Regular Article - Theoretical Physics
Heavy bosons in the secluded model at hadron colliders
Department of Physics, Concordia University, 7141 Sherbrooke St. West, H4B 1R6, Montreal, QC, Canada
2 Department of Engineering Physics, Ankara University, 06100, Ankara, Turkey
3 Department of Physics, Middle East Technical University, 06800, Ankara, Turkey
Accepted: 10 May 2021
Published online: 27 May 2021
We study phenomenology at hadron colliders in an extended MSSM. We choose a model with a secluded sector, where the tension between the electroweak scale and developing a large enough mass for is resolved by incorporating three additional singlet superfields into the model. We perform a detailed analysis of the production, followed by decays, including into supersymmetric particles, of a boson with mass between 4 and 5.2 TeV, with particular emphasis on its possible discovery. We select three different scenarios consistent with the latest available experimental data and relic density constraints, and concentrate on final signals with , and . Including the SM background from processes with two, three or four vector bosons, we show the likelihood of observing a boson is not promising for the HL-LHC at 14 TeV. While at 27 and 100 TeV, the situation is more optimistic, and we devise specific benchmark scenarios which could be observed.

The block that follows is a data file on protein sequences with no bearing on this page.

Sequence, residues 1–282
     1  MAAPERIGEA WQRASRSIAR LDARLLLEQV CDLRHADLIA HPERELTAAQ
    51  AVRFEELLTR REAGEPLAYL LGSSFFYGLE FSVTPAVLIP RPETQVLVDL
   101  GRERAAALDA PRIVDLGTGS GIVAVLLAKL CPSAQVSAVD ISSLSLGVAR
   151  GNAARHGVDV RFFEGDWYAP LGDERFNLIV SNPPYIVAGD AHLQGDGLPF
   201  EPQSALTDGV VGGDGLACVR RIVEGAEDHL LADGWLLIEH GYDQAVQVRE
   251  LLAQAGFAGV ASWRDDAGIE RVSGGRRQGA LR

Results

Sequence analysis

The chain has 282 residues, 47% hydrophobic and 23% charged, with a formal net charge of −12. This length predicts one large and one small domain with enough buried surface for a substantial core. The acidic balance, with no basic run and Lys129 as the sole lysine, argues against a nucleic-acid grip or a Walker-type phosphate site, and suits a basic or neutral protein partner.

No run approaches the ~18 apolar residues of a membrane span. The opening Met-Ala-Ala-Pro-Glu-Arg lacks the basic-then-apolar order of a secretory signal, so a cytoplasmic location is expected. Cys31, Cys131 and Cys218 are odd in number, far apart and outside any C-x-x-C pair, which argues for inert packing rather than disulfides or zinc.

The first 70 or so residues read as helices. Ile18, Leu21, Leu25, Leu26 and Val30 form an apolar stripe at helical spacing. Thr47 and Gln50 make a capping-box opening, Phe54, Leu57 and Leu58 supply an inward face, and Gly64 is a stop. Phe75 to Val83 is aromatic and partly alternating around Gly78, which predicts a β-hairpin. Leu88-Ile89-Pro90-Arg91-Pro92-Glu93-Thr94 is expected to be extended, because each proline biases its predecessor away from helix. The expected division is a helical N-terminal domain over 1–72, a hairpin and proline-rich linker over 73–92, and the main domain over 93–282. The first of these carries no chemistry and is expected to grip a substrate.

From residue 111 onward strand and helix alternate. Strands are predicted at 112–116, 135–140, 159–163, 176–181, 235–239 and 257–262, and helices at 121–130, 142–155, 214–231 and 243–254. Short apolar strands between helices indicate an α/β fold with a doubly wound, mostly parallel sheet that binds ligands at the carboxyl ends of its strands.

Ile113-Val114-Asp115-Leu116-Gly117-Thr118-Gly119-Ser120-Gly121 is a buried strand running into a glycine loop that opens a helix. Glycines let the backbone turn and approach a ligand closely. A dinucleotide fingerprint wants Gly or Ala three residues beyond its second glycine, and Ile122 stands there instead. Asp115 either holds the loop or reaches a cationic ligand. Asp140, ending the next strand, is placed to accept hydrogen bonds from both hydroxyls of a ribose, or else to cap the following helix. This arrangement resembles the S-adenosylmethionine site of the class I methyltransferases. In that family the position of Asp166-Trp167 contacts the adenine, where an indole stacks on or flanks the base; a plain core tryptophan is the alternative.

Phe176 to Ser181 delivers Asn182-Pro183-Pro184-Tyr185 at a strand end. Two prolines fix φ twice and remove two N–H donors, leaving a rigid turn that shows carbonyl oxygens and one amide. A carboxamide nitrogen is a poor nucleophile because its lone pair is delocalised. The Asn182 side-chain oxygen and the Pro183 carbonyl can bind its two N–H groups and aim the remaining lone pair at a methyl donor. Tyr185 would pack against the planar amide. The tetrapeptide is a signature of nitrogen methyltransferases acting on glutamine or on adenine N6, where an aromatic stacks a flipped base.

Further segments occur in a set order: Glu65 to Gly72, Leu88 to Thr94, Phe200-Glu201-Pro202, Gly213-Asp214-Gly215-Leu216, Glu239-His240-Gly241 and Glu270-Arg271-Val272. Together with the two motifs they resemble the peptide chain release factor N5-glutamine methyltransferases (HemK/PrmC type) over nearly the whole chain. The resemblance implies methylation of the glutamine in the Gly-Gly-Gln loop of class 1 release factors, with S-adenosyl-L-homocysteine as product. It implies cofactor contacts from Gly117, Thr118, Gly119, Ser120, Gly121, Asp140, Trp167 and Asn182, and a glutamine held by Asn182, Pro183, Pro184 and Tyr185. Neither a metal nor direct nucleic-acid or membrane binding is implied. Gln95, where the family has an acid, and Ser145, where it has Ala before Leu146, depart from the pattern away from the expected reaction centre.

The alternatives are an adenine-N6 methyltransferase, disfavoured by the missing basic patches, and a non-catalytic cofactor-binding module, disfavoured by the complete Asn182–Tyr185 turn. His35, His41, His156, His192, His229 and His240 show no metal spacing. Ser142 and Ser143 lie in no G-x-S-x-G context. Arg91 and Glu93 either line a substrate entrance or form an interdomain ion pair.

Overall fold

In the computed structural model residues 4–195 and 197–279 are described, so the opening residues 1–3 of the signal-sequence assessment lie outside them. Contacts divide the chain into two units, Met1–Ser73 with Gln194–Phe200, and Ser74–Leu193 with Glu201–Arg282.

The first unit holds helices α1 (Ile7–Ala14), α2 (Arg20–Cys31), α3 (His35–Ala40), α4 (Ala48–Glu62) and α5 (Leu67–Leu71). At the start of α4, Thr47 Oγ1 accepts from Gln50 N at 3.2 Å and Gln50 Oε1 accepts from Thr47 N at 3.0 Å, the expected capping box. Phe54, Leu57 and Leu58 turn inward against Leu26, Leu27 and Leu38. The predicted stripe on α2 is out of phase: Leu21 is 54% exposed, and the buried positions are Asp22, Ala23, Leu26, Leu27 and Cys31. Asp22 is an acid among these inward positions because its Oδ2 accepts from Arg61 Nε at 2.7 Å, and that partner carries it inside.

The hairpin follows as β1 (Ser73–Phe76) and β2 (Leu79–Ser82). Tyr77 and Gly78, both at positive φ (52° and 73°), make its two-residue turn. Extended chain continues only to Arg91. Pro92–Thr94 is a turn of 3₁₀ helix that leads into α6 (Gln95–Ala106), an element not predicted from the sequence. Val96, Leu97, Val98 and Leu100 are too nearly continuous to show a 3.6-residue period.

© The Author(s) 2021
Open Access This article is licensed under a Creative Commons Attribution 4.0 International License, which permits use, sharing, adaptation, distribution and reproduction in any medium or format, as long as you give appropriate credit to the original author(s) and the source, provide a link to the Creative Commons licence, and indicate if changes were made. The images or other third party material in this article are included in the article’s Creative Commons licence, unless indicated otherwise in a credit line to the material. If material is not included in the article’s Creative Commons licence and your intended use is not permitted by statutory regulation or exceeds the permitted use, you will need to obtain permission directly from the copyright holder. To view a copy of this licence, visit http://creativecommons.org/licenses/by/4.0/.
Funded by SCOAP3